oftheherd1, it's not for another test, per se, although I am working toward my 3rd dan in Taekwondo. I'm a writer, among other things, with a background in psychology, so I bring those interests into my practice of Taekwondo. I also have my share of experience with stopping (for various reasons and time periods) and resuming Taekwondo. Few of us seem to maintain a non-stop practice throughout our lives. Life is just too dynamic for that to be possible for most of us. So, I thought an article might be useful to practitioners and instructors. If anyone has any suggestions on a Taekwondo or general martial arts journal that might be interested in such an article, I'd welcome input on that, too. I've published many times in my professional field, but not yet in the martial arts--other than in my own blog (http://lifespantkd.blogspot.com/ ). Are any of you writers, too?

Thank you, again,

Cynthia
 

mastercole

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It's like Mahayana Buddhism, a practice that is for the many. It's very flexible and it's adherents have widely varying levels of commitment and that is acceptable, it's the nature of Mahayana. Something for everyone, the big vehicle. Mahayana is typical of your modern day Taekwondo class in this regard, and therefore typical of your modern day Taekwondo practitioner.

However, there are those very few, who train hell or high water, even when injured. Even when not training that day, or at some portion of the day, they are studying in some way that relates to training, and in fact see everything in their life as somehow supporting Taekwondo training, whether it be physical, mental or spiritual, tangible, or intangible. It is a rare thing to meet this type of person. They have crossed a threshold that most will never cross, due to various reasons that prevent them from making this kind of life changing commitment. This person is in position to cross a final threshold where there life naturally becomes Taekwondo (or whatever endeavour), and it becomes them. These last two stages of commitment are comparable to Theravada Buddhism, which is for the few. It's rare to meet a Theravada practitioner.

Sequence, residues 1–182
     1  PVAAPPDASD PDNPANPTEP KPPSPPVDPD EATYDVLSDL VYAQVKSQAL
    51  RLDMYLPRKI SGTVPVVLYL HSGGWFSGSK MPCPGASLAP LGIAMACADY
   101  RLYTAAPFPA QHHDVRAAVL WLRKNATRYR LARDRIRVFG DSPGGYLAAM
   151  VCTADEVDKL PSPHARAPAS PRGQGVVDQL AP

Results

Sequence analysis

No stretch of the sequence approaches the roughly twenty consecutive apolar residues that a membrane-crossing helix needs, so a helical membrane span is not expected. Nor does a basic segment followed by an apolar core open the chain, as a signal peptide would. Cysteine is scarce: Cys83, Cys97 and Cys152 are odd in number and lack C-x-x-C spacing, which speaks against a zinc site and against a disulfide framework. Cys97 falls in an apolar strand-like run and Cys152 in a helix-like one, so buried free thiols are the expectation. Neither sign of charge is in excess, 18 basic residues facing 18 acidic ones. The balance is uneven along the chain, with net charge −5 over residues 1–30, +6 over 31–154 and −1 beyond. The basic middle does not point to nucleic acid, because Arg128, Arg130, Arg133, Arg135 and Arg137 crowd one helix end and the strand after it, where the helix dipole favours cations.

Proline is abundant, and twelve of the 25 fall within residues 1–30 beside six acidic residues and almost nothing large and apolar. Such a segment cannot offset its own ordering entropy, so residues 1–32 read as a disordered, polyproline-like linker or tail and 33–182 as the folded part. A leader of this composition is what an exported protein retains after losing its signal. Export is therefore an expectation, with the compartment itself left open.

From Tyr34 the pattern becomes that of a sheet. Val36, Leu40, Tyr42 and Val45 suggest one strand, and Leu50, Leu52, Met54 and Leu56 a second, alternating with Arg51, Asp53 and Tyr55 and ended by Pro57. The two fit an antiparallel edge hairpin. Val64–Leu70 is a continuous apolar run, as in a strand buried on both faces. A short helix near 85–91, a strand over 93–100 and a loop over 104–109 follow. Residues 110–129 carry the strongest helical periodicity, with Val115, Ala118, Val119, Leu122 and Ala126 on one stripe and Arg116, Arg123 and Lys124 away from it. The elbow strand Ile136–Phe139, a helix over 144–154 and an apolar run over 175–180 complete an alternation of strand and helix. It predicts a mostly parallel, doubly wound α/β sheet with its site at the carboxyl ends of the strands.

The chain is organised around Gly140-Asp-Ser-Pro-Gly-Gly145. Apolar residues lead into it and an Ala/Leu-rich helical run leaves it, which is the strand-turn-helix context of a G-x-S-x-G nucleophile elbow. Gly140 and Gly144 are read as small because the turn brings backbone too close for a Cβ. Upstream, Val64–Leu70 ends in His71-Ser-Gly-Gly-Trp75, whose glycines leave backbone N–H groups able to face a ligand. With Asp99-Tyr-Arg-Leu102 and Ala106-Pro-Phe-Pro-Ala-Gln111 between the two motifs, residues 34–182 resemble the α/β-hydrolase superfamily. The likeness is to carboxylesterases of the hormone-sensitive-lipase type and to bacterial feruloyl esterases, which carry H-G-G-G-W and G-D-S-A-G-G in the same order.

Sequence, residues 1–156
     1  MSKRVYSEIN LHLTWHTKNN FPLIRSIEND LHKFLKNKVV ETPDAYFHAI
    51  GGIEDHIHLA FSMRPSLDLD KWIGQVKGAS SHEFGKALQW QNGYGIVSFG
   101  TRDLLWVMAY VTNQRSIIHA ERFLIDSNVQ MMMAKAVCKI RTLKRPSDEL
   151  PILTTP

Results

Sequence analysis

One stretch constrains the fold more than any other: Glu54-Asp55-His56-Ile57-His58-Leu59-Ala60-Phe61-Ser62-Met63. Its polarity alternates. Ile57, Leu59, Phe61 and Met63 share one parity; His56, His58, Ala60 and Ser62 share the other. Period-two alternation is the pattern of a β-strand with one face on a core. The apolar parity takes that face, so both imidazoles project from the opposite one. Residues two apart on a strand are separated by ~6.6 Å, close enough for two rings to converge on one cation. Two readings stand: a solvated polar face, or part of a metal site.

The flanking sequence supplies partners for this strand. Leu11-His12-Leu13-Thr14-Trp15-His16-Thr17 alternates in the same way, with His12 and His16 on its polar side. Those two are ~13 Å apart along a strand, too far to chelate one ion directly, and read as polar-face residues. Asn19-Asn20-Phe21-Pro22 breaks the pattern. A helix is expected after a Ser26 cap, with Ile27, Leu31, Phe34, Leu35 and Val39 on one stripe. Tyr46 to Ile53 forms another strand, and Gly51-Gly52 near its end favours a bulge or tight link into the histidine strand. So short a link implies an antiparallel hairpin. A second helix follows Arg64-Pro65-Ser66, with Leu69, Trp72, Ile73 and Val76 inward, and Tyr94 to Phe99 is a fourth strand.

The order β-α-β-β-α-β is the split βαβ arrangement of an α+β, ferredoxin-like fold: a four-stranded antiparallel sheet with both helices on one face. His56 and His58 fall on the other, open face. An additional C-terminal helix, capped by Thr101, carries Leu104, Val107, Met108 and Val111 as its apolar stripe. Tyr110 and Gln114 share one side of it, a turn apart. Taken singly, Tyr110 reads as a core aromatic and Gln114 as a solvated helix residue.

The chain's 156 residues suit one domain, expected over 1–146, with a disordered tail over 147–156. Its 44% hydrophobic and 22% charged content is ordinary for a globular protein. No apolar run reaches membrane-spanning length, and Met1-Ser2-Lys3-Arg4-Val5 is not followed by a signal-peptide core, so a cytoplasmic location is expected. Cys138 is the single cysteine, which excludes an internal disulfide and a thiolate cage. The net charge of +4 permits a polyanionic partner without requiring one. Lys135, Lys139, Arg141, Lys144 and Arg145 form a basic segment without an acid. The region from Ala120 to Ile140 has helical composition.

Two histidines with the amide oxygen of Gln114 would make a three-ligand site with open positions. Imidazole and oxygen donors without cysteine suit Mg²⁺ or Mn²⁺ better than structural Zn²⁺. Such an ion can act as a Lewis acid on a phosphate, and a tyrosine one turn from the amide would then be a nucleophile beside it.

So I don't think it is about what level of commitment are you willing to make. That's like buying a car. I think it is more about what have you become through your practice. The same person you were when you started, or did you actually transform into a lifelong Taekwondoin.

With that said, one is not better than the other. However, they are different.

Al Cole
 

granfire

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If any of you have paused your practice of Taekwondo (or another martial art) for any reason and for any length of time, I'd love your input. I'm working on an article and I want to make sure I have a good representation of common experiences. My main questions are:

1. What caused you to stop?
2. How long was your break from practice?
3. What motivated your return to practice?
4. How did you get back into practice (e.g., did you return immediately to your former school? first train on your own for a while to improve your fitness and regain some of your skills?, ???)
5. What helped you successfully return to practice?
6. What made returning to the practice of Taekwondo (or another martial art) more difficult?

Thank you!

Cynthia

I am currently on break:
4 years ago I moved, far away from my instructor to cause a problem in transportation.
Then my sister got terminally ill.
That in turn left me with some mental problems.
While I trained I got down to 116 pounds. To put it bluntly, I wasted away...regressing to girly pushups.

I have not gotten back up to resume practice. Add to that some more recent medical issues that are leaving me exhausted....blah, life sux.


OK, 2nd part of your question:
As you age the rebound ability goes away. Skipping practice for 6 weeks and taking things up where I left them is so not happening anymore.
Now a week away from the gym takes it's toll.
(Did I mention life sux?)
So any kind of break takes me further back.
So realistically, all things considered, I am farther back in my training than I was as white belt.
 
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lifespantkd